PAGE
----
Tell Me a Story
Englee (but throw a few extra syllables at it) where Myrtle lived all her life
I'll write it down before it leaves me, and you can read it too. So my thoughts are a little richer tonight. And maybe yours might be.
I was companion to an elder today. A woman whose body is falling apart, her legs at odd angles to each other, her elbows support her along the walls. You'd be right nervous looking at her negotiate down the hall and she'd shrug you off with a shoulder if you came near enough to help.
She tells me she didn't bring her walker with her as she lives in Labrador and had to fly down and the walker "got on her nerves". She is staying with her daughter in my village over the holidays.
She has early onset Alzheimer's. I shifted and played with my words so we could engage in a meaningful conversation. It took a while as she had a massive resentment that her daughter "had the sauce" to engage me for the day while she, the daughter, "off and gallivanted in that annoying way she has." I got her back into her life, age 19.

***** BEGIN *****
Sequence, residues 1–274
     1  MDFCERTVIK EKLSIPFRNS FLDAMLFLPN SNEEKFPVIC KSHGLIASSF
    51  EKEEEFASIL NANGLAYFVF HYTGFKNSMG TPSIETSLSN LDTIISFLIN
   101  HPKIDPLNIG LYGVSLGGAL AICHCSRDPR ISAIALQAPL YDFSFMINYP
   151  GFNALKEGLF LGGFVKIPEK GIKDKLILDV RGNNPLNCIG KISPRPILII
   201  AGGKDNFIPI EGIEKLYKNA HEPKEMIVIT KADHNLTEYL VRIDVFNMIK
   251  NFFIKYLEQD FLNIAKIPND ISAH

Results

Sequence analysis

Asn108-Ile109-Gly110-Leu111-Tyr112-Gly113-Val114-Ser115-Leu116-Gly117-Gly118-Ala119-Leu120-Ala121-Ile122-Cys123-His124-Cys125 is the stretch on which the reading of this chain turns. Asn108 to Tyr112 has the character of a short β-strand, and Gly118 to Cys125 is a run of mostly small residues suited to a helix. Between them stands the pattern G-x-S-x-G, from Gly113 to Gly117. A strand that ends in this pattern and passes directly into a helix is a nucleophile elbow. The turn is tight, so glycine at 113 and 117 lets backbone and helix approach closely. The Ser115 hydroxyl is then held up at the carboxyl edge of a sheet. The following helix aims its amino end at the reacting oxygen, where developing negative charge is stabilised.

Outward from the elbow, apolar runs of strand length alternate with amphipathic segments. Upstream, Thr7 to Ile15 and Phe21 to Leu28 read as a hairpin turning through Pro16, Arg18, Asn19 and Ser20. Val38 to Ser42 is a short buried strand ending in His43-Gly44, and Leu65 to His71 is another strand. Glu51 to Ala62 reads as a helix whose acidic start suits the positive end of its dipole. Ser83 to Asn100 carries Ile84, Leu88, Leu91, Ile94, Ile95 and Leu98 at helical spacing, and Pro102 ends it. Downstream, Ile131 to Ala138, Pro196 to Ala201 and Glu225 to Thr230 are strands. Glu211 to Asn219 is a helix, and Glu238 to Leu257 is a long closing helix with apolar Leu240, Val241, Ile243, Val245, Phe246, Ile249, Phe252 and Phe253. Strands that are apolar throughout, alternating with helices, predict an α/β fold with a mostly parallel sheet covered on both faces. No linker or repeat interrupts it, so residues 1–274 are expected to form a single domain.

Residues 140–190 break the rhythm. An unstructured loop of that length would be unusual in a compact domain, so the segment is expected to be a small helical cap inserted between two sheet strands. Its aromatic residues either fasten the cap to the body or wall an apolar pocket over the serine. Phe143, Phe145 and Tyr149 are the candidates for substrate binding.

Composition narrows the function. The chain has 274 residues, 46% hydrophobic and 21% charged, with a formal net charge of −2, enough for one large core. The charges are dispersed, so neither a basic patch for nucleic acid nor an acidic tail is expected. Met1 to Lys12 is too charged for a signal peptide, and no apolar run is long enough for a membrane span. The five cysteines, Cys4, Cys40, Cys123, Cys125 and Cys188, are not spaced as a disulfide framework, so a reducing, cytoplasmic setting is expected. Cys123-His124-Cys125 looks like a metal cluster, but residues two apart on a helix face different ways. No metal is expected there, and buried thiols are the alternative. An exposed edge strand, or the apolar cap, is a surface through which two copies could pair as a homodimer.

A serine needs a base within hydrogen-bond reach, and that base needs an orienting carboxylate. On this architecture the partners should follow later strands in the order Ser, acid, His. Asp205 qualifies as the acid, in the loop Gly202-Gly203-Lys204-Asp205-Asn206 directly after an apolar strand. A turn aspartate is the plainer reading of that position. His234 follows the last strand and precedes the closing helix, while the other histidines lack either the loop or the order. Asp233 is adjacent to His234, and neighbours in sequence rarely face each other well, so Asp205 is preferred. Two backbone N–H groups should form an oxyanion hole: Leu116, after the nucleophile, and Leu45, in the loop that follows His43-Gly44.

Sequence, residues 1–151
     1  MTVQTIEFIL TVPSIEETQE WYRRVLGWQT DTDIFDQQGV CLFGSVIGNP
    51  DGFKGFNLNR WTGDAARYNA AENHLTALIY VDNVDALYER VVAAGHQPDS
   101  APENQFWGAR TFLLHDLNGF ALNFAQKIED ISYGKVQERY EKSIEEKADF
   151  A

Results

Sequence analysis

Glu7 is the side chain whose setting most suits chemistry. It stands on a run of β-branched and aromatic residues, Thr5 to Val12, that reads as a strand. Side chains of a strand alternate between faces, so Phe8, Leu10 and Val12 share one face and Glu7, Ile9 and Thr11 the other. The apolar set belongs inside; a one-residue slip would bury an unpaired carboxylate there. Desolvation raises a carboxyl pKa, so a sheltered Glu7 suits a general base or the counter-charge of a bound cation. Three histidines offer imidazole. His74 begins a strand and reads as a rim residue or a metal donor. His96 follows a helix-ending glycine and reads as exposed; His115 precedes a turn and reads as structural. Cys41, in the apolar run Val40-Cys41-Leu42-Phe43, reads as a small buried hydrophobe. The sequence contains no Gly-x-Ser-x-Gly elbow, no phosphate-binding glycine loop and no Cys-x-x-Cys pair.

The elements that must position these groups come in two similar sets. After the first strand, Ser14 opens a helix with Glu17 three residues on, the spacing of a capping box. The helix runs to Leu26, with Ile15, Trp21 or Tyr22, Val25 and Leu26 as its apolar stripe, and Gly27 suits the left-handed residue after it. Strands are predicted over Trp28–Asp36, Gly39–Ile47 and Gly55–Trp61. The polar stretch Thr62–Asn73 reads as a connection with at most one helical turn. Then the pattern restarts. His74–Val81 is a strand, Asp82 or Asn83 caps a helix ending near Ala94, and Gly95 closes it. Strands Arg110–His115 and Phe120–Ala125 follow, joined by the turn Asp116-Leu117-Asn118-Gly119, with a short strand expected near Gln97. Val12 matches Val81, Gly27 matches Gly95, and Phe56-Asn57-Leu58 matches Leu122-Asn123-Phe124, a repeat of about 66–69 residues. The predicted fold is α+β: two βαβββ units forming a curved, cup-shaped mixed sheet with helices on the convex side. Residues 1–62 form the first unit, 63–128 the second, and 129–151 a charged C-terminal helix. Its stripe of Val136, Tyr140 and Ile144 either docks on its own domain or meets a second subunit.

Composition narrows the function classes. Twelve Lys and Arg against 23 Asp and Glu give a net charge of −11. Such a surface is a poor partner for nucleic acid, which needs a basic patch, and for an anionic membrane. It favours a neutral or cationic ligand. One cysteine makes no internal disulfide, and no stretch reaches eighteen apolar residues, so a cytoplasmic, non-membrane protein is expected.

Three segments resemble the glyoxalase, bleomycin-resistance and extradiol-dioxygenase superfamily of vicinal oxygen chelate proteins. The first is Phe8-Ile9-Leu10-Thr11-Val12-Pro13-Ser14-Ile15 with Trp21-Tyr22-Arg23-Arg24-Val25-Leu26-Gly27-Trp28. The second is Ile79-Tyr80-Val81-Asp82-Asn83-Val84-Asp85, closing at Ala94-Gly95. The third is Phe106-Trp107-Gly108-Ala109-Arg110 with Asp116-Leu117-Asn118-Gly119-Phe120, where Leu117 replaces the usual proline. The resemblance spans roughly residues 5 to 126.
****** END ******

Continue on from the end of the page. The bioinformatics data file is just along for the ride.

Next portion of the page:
Here in her words:
I was post mistress at Englee, ran the whole post office all by myself. Daddy was good with the numbers, he was quartermaster in the First World War so he taught me numbers and he built me all those shelves for the sorting. Oh my, there was so much mail! I had to sort them out for the boats in the summer and put them in big canvas bags with cardboard labels. They would take them away, up and down the coast to all the little outports, there was a bag for each one. And they's pick up the outgoing mail and drop it off at my post office for me to sort and send off to the city. I'd write letters too, there's some that never learned. I never would charge for that though I heard some did. Now that was the summers.
The winter was another story. There were all these dog sleds in the winter when it was too rough for the boats. Coming in from everywhere and I'd load up the sleds with the bags. Mail was the only communication then, there was no phone or electricity so it was so important I kept on top of it all. It's how I met my husband and he just back from the Second World War. He was a post office inspector! Imagine that!
And here she laughs and laughs, punching me in the arm, to make sure I got the joke.
And I did.